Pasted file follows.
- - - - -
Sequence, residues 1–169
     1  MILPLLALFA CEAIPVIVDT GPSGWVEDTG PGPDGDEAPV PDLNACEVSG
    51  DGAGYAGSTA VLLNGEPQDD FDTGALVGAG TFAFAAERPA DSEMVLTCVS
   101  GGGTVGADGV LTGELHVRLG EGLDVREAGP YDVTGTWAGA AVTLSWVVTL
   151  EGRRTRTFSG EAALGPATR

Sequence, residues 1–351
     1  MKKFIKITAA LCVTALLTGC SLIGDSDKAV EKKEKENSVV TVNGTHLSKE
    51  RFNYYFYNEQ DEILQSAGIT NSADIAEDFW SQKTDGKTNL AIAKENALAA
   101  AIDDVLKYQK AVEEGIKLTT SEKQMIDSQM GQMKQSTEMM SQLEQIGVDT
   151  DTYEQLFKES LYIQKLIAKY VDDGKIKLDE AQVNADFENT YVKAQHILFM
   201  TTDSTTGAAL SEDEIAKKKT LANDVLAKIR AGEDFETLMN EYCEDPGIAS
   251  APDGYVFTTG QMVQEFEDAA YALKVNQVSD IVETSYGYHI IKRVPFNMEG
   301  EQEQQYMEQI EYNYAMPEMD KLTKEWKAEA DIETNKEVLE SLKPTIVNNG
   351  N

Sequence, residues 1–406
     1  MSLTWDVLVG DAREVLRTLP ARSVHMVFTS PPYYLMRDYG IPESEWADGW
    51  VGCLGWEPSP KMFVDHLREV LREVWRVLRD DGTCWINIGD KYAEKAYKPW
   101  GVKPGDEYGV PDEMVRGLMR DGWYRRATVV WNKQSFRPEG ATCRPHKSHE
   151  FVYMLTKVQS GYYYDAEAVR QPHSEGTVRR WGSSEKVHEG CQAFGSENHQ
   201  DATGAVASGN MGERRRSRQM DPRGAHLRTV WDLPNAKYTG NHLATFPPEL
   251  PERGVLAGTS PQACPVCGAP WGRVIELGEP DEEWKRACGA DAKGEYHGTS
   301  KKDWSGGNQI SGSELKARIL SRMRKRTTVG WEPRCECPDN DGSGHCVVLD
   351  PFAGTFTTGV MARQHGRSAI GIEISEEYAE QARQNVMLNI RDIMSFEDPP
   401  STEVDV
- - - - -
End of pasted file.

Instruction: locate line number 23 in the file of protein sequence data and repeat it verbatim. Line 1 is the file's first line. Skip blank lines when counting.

   351  PFAGTFTTGV MARQHGRSAI GIEISEEYAE QARQNVMLNI RDIMSFEDPP